Biden bombing Syria continues two decades of U.S. aggression

Biden bombing Syria continues two decades of U.S. aggression


On February 25, a little over a month since taking office, President Joe Biden ordered the U.S. Air Force to bomb Syria.

Pentagon Press Secretary John Kirby stated, “These strikes were authorized in response to recent attacks against American and Coalition personnel in Iraq.” Further, “we have acted in a deliberate manner that aims to de-escalate the overall situation in both eastern Syria and Iraq.”

Thus, bombing Syria was the Pentagon’s response to attacks carried out in Iraq.

In January 2020 after a U.S.-controlled drone assassinated Iranian General Qasem Soleimani, who had arrived in Baghdad for peace talks, the Iraqi parliament voted to expel U.S. troops from their country. Just as it has for over 20 years, the U.S. ignored this call to honor Iraqi sovereignty. Further bombing by the USA would seem to be a strange approach to de-escalation.

The United States military and paid mercenaries have occupied Iraq since President George W. Bush invaded that country, contrary to international law, on allegations that it was harboring weapons of mass destruction. When no such weapons were ever discovered and the enormity of the crime was exposed, rather than even apologizing and offering reparations, the U.S. simply doubled down in its occupation of Iraq.

The U.S. has carried out hybrid warfare through economic asphyxiation of Iran.

Subsequently, the United States expanded its aggression against Middle Eastern or Arab countries to Libya, Syria, Somalia, Sudan, and Yemen and has carried out hybrid warfare through economic asphyxiation of Iran as a means of overthrowing its government.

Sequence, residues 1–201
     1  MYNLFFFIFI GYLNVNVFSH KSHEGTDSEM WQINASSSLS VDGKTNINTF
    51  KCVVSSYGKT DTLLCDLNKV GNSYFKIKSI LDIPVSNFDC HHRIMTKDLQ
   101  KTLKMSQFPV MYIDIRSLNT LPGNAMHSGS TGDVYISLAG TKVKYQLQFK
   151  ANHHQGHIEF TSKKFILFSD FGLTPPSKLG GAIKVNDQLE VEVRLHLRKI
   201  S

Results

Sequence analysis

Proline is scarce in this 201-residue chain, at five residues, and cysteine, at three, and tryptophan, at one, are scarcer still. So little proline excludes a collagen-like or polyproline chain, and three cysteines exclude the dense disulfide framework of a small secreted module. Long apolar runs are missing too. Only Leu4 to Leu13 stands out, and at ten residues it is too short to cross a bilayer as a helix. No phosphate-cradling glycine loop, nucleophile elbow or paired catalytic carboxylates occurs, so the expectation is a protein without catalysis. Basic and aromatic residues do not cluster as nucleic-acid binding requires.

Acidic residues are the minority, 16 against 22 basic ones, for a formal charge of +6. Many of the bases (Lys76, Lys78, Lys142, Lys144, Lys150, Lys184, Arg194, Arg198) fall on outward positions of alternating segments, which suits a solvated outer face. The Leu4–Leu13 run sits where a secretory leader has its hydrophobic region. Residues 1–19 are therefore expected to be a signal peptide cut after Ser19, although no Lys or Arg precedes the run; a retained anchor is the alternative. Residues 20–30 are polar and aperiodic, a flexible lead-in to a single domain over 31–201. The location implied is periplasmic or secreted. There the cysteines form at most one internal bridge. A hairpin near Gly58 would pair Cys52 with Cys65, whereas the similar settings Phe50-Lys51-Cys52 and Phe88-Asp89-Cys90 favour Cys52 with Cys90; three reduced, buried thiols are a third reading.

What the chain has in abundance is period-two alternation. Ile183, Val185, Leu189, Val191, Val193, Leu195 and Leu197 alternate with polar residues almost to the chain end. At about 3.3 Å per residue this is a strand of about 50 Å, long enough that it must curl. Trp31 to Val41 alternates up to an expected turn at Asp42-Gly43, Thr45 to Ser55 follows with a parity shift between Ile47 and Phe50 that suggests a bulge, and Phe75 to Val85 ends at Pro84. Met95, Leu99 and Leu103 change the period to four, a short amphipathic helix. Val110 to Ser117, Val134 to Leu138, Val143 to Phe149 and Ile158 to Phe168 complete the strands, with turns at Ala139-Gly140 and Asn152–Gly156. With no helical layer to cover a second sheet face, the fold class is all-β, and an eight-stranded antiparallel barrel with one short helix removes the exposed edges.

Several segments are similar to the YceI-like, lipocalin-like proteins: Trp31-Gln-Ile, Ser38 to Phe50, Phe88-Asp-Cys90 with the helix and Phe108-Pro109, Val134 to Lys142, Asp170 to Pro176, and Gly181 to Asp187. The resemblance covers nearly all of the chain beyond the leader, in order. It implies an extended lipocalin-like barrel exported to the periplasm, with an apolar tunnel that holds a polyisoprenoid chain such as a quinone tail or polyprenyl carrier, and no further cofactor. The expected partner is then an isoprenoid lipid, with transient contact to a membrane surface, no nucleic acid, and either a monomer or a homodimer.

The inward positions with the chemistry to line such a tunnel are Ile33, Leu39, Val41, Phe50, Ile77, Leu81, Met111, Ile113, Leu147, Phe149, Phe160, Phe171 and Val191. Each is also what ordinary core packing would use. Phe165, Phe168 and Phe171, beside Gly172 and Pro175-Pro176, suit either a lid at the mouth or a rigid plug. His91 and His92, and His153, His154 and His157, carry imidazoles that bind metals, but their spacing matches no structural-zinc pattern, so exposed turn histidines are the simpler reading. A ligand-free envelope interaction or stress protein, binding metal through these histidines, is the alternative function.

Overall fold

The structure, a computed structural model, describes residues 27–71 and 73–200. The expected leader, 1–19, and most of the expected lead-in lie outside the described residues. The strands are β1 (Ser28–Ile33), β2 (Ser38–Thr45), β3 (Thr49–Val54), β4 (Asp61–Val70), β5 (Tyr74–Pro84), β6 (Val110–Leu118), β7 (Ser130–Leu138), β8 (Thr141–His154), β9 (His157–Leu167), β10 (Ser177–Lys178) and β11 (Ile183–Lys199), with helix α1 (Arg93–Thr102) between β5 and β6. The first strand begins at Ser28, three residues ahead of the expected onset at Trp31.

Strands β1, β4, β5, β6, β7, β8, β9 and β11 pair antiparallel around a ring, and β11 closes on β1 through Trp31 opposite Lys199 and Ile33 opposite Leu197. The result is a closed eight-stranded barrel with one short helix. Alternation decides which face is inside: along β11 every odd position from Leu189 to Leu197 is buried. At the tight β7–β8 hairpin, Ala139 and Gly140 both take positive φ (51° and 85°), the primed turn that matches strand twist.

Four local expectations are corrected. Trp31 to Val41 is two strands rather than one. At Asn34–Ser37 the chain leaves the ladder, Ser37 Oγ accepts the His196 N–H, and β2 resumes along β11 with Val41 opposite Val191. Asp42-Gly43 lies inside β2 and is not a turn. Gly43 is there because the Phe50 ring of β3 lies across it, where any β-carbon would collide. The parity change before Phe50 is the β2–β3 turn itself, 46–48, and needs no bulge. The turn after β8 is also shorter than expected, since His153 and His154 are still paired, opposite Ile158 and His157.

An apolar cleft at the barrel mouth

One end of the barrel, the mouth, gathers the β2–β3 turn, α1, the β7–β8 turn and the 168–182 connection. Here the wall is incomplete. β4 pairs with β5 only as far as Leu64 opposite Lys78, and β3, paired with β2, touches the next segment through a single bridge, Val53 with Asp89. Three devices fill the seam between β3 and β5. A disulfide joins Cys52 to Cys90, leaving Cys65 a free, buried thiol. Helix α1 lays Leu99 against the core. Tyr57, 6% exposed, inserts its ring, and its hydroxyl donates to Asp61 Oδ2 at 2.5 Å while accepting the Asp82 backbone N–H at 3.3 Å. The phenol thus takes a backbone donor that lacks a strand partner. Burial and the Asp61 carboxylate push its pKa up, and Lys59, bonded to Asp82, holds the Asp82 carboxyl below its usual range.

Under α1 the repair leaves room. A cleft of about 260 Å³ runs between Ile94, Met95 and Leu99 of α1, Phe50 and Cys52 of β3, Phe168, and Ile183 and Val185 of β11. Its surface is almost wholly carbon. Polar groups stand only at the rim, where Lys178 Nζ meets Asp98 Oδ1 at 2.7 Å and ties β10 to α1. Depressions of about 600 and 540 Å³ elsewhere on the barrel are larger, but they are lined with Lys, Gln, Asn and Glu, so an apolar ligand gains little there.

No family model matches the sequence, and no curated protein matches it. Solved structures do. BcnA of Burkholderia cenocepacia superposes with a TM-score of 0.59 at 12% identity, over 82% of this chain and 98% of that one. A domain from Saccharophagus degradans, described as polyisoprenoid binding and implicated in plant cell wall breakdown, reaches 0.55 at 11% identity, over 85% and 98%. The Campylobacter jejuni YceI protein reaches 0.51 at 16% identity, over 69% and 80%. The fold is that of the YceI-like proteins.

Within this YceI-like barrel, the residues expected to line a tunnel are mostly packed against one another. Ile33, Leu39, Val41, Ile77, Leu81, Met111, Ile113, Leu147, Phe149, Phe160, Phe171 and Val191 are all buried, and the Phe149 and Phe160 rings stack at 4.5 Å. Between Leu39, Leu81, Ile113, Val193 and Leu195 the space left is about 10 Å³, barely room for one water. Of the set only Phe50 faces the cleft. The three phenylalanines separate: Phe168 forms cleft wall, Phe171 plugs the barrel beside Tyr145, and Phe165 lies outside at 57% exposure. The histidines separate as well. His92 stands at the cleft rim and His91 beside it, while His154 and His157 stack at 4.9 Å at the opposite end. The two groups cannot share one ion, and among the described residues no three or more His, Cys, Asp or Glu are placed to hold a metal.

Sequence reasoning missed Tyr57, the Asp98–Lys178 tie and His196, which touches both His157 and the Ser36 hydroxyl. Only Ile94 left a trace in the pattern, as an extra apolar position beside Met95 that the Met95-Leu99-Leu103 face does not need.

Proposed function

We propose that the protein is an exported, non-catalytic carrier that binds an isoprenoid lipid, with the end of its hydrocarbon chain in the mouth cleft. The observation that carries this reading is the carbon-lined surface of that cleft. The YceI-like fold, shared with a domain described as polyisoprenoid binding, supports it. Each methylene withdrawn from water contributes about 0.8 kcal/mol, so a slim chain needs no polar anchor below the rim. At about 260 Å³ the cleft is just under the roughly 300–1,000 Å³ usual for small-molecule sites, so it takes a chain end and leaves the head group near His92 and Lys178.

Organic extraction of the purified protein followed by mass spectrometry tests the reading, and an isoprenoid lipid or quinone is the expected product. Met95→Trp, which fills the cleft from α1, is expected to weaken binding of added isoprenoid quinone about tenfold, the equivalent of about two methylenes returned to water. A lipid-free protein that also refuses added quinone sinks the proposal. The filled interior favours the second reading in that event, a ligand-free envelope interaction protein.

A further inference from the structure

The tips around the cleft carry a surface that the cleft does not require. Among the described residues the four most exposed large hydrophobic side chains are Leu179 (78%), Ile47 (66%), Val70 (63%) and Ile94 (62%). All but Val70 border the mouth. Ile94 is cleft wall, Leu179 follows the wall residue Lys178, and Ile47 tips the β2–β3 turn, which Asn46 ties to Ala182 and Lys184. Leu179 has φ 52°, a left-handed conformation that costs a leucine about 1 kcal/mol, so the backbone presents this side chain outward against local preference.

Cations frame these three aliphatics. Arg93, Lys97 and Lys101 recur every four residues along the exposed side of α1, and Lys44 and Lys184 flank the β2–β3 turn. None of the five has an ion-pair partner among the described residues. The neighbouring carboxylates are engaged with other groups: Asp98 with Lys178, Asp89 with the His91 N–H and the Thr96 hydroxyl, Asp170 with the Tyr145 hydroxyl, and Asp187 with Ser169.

Some have related the bombing of Syria to negotiations that Biden has called for to reinstate the Joint Comprehensive Plan of Action (JCPOA), commonly called the Iran nuclear deal struck in 2015. The JCPOA required Iran to comply with extremely strict limitations on its nuclear materials production and extensive international inspections of its nuclear industries in return for removing economic sanctions imposed primarily by the U.S. and Europe. In May 2018, President Trump unilaterally took the United States out of that agreement. Iran has stated that the U.S. must first remove the sanctions it imposed before any further negotiations. Perhaps by his actions Biden is signaling that he is not so eager to rejoin that deal without further concessions from Iran.

It’s hardly news that one of the primary reasons for U.S. political manipulations, sanctions, and military aggression in this oil-rich region since 1945 has been to secure control of the oil that funded local economies in order to profit U.S.-based giant corporations like Exxon/Mobil.

The importance of the new administration’s first overt military action did not rise to the level of a White House news release. The Pentagon, however, did offer a two-paragraph explanation including: “Specifically, the strikes destroyed multiple facilities located at a border control point used by a number of Iranian-backed militant groups, including Kait’ib Hezbollah (KH) and Kait’ib Sayyid al-Shuhada (KSS).”

Instead of ISIS, now it’s the U.S. selling Syrian oil.

It is remarkable that the Pentagon is justifying killing personnel, not in Iraq where attacks on U.S. troops and mercenaries took place but hundreds of miles away on the Syrian side of the Iraqi border, where the victims were preventing crossings by ISIS and al Qaeda terrorists. The U.S. has been bombing Syria for many years now by claiming it is fighting against those terrorists while illegally occupying Syrian territories that are rich in oil and regions that grow great fields of wheat, thus foreclosing the Syrian state from using oil revenues to rebuild its war-torn land and harvests to feed bread to its population. When ISIS occupied these regions it sold Syrian oil to Turkey. Now the U.S. is selling Syrian oil.